4.2 Great Expectations and realism
House's reading relies upon assuming that the novel is a realist text, with a satirical edge. Yet it is a reading that can be taken further, and some critics have developed a much more complex and persuasive view of the theme of gentility.
Robin Gilmour, for example, argues that Great Expectations is unique among Dickens's fiction ‘in that its real subject is not a specific social abuse, or a series of related abuses, but nothing less than civilisation itself’. Gilmour probes the implications of Pip's acceptance of the mutual dependencies of a class-divided society by showing how far Pip seems aware that his struggle towards ‘the civilised life’ is ‘sharpened by a knowledge of its very precariousness’ (Gilmour, The Idea of the Gentlemen in the Victorian Novel, 1981, p.125). Different notions of gentility were in circulation at the time, indicating various perceptions of high social status, involving wealth, property, education or ‘polish’, and moral qualities. Dickens was conscious to the point of obsession of the distance he had come as a hugely successful, self-made public figure whose early background and experience was a matter of shame to him. Yet, by the time Great Expectations was published, his marriage had broken down, and a liaison with an actress (the likely model for Estella) was kept secret to avoid tainting his public image, so he was well aware of what might lie behind the middle-class dream. The novel demonstrates, in the repression of desire and activity associated with Satis House, one cost of becoming a gentleman. At the same time it promotes a kind of moral and spiritual gentility. This is shown in Pip's acknowledgement of the Christian ideals of love and forgiveness, as when he watches Joe from his sickbed, ‘penitently whispering’: ‘O God bless this gentle Christian man’ (p.458). Dickens asserts Joe's moral gentility at the same time as he acknowledges the social distance between him and Pip. Pip cannot join Joe and Biddy in the end, he has to go abroad to make his (modest) fortune.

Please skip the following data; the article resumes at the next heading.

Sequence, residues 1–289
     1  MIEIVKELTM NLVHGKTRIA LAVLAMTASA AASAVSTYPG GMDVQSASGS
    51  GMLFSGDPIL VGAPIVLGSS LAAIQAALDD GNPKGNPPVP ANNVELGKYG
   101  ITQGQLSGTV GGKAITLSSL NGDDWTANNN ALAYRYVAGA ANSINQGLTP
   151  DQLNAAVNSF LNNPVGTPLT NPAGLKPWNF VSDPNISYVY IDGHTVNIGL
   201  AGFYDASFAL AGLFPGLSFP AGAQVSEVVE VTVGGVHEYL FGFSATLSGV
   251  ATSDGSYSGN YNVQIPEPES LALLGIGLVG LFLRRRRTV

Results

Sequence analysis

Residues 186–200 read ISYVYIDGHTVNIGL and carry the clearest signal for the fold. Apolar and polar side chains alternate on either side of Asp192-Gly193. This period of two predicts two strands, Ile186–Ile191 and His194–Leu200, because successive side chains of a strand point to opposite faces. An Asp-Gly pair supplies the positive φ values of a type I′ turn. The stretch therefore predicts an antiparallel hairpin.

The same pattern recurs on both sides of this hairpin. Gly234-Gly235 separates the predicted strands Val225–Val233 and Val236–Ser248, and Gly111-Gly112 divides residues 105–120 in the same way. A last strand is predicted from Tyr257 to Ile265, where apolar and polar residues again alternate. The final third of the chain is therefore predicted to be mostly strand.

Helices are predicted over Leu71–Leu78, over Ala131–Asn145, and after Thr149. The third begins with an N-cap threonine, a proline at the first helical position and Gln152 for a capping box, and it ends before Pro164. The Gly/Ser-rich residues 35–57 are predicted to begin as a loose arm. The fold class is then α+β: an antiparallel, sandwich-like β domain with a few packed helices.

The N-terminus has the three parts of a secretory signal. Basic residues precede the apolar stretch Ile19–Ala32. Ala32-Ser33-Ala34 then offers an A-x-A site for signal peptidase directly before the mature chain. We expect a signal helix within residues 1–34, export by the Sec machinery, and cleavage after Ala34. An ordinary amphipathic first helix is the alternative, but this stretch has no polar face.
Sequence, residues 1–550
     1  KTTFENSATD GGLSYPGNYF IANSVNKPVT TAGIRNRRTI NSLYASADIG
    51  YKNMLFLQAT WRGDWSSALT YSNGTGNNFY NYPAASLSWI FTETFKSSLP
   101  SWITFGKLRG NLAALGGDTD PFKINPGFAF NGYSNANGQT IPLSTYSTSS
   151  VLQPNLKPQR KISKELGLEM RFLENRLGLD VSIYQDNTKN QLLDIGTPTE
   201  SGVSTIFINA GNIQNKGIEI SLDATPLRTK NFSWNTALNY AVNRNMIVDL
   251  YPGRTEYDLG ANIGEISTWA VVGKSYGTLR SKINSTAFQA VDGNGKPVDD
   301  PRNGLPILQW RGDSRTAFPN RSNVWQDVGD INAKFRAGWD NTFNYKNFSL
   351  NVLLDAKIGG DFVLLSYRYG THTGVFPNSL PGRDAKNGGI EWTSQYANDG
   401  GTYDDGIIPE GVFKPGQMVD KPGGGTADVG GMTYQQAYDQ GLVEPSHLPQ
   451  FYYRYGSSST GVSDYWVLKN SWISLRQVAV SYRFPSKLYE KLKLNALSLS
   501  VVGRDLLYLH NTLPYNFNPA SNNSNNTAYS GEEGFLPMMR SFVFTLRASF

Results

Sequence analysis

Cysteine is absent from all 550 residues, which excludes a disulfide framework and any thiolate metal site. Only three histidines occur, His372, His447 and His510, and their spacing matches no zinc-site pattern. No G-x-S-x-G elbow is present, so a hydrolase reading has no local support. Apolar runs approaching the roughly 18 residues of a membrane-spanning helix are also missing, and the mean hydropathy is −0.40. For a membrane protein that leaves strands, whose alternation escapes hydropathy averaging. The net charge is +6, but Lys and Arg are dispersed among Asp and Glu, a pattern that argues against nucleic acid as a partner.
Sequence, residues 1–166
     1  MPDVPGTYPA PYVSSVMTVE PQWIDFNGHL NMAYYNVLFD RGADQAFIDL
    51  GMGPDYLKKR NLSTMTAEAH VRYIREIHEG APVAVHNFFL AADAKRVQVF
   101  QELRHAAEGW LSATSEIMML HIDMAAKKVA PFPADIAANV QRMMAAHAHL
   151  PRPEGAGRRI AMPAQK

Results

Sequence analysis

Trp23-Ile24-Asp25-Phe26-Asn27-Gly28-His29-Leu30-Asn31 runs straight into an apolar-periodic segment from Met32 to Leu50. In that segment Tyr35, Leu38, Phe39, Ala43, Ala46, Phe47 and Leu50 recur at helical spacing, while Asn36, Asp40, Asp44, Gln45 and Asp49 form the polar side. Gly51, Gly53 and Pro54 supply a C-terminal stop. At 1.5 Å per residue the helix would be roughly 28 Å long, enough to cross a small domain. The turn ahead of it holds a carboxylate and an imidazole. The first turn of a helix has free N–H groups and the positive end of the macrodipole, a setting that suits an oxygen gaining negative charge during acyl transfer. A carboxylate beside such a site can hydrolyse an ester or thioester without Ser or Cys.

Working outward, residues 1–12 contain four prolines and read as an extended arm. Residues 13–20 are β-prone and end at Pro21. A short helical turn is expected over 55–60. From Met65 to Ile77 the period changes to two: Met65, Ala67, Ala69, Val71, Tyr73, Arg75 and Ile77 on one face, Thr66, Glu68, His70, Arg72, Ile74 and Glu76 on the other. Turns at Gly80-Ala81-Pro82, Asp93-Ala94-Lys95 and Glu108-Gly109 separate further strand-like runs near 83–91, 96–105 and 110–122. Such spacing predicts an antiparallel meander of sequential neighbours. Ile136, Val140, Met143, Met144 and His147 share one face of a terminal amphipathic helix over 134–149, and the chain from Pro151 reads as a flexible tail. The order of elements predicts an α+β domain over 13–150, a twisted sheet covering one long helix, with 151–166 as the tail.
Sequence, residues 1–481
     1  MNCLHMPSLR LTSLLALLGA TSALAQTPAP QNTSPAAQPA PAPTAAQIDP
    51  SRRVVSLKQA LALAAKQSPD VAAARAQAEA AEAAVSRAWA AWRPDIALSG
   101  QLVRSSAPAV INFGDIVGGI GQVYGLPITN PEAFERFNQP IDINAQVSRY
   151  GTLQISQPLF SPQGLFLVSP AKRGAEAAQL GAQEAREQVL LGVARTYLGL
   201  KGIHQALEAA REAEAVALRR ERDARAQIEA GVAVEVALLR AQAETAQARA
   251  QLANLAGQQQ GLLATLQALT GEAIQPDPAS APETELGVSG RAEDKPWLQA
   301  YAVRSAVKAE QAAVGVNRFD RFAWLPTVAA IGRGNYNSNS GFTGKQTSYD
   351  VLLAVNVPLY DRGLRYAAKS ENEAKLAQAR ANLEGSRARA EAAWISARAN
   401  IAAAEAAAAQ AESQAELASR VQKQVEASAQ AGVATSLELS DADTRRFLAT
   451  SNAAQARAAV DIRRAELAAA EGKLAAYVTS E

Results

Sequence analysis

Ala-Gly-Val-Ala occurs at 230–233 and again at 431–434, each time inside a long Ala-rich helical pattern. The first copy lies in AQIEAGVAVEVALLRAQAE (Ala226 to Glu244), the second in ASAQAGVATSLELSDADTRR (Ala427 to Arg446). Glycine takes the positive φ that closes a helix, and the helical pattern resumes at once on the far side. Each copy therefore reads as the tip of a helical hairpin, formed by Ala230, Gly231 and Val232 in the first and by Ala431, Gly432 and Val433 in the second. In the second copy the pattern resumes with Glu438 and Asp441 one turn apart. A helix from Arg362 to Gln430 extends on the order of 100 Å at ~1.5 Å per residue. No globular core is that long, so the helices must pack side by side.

Is all this any more than an elaboration of House's view? It assumes that Dickens underwrites Pip's mid-Victorian, middle-class values: as a moderately prosperous, well-tutored (by the Pockets, father and son) and hard-working bourgeois, distinct from the parasitical, leisured aristocracy (Bentley Drummle) on the one hand and the brutal rural workers (Orlick) on the other. Joe represents the honest toiler, whose values Pip admires, but cannot emulate. A motif in this theme is money: notice how often and in what contexts ‘money’ is referred to, from the payment for Pip's indentures to Magwitch's fat notebook. Its centrality for Pip's expectations is made quite clear. As he recalls, ‘it was impossible to dissociate’ even the sought-after Estella from ‘all those wretched hankerings after money and gentility that had disturbed my boyhood’ (p.233). In the end, after losing all his money, he starts again (as a clerk), builds himself up to a partnership, and earns enough to return after eleven years in the East as a potential partner for Estella after all.